November 23, 2021
Like any other combination of dual diagnosis disorder, cannabis misuse and bipolar disorder together is a troubling situation for those struggling with it. The most common reason for this combination of dual diagnosis is the belief that cannabis use can help alleviate symptoms of bipolar disorder.
This article is an attempt to clear the air around this ‘misconception’. While cannabis is clinically prescribed as “medicinal marijuana” in different states across the U.S., there are no concrete evidences that support its beneficial role in the treatment of bipolar disorder.
Let’s discuss the reason behind this wrong notion and the supposedly “good thing” present in cannabis.
The ‘Good’ part first
CBD may be considered for medicinal use
Of the 400 compounds present in cannabis, CBD and Tetrahydrocannabinol (THC) are two prominent constituents that evoke a debate for the good and bad about cannabis. While THC is the main psychoactive constituent of cannabis, CBD is the non-intoxicating ingredient with known medicinal properties.
It is important to note that cannabis is legalized for both recreational and medicinal purposes in different states of America, but of course is subject to state-specific guidelines. Talking of medicinal use, only a specific component present in the drug, called as cannabidiol (CBD) is allowed for medicinal use.
The ‘Bad’ part
Marijuana is dangerously addictive. No doubts about that.
According to the Substance Abuse and Mental Health Services Administration (SAMHSA), approximately one in 10 people who use marijuana are vulnerable to develop an addiction. And, the risk of addiction grows to one in six, if the person starts marijuana use before the age of 18.
Youth, in particular, are prone to more hazards of marijuana addiction, which is associated with different negative consequences, including impaired attention, memory, and learning. Researchers suggest that teenagers using marijuana are at a higher risk of experiencing problems associated with memory, attention, and learning functions. Marijuana use is also associated with a multitude of mental health ailments, such as depression, anxiety, and suicidal thoughts among teens.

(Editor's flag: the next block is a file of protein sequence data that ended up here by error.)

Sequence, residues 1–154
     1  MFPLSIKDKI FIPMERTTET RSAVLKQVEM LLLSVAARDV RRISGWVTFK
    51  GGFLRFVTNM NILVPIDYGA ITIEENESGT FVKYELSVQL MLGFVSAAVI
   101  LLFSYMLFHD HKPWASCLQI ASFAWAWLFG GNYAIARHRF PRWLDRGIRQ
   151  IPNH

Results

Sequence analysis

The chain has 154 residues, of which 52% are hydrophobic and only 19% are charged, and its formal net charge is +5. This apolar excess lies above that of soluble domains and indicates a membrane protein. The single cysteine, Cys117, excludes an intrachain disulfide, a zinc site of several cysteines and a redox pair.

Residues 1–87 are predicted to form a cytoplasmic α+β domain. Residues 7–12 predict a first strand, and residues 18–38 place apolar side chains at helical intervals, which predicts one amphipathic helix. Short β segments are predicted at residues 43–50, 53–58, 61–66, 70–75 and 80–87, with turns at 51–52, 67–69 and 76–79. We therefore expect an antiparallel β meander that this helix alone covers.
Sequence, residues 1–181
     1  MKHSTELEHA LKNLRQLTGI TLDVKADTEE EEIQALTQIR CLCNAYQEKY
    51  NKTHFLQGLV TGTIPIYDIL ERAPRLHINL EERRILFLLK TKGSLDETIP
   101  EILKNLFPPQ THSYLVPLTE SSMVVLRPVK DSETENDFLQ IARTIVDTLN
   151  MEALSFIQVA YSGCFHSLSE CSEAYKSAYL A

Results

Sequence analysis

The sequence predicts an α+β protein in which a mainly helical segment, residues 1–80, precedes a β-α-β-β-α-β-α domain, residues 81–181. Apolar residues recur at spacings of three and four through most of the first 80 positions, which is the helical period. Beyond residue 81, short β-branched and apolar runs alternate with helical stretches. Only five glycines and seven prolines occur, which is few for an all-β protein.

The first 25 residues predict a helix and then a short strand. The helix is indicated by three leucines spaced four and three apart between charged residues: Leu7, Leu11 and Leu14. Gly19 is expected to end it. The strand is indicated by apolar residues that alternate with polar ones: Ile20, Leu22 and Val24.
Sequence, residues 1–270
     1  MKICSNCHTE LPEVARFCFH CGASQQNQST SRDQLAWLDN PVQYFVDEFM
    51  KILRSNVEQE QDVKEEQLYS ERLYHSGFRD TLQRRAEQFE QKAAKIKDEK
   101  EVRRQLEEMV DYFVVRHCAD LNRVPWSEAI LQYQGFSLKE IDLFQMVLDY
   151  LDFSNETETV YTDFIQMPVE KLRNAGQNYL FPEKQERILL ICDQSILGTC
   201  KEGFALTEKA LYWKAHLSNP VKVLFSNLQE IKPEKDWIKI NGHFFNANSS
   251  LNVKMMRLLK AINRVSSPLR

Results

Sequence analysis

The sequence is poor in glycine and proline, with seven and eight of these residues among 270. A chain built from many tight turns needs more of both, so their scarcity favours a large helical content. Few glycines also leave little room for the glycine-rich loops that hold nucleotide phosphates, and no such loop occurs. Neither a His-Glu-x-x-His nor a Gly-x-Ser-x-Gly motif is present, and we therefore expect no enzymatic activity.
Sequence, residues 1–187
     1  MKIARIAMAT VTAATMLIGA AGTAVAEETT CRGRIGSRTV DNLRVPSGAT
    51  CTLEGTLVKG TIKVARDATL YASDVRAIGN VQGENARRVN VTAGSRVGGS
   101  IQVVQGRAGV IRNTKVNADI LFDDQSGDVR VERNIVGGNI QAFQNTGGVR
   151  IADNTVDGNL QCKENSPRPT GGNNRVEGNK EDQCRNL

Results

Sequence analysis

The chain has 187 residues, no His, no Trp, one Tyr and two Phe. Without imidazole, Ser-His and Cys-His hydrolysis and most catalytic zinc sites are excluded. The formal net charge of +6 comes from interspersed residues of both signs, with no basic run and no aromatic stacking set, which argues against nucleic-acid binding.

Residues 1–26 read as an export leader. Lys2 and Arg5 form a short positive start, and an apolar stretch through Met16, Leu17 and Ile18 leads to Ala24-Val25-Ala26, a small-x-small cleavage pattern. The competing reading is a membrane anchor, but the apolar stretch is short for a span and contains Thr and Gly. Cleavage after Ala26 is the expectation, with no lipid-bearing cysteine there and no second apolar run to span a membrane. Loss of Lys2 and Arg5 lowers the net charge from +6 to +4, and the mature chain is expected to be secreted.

Marijuana use and bipolar disorder
According to the findings of a report by the Addiction, Drug and Alcohol Institute (ADAI), there is a comparatively higher incidence of marijuana/cannabis use disorders among persons with bipolar spectrum disorders compared with the general population or persons living with some mental health problem.
The report further warns marijuana users that marijuana use or use disorder may lead to psychotic symptoms, suicide attempts, rapid cycling, decreased long-term remission, worsened affective episodes, increased disability, and poorer global functioning to say the least.
As evidences highlight, cannabis use among people with bipolar disorder may lead to many negative effects including:
Treatment of bipolar disorder
Characterized by severe mood swings such as recurring, interrelated episodes of extreme excitability and depression, bipolar disorder is among the major contributors of mortality and psychiatric disability across the world. People with bipolar disorder are highly unpredictable due to frequent mood switches between extreme moods. The condition associated with extreme highs and lows may be referred to as manic depression or bipolar depression.
Generally, bipolar disorder develops in stages over years, mostly during childhood and puberty when preclinical symptoms including anxiety, impaired cognitive function, and sleep disruptions may occur frequently. The initial episodes of depression may run for several years before a hypomanic phase completes the bipolar cycle.
The good thing is that like most mental health problems, bipolar disorder is treatable through timely intervention. With the right treatment protocol, medication and proper care, people with bipolar disorder can resume a normal life.
For more information about the best bipolar treatment centers in California, call our 24/7 helpline (866) 548-0190. You can also chat online with our representatives for information on dual diagnosis treatment in San Diego.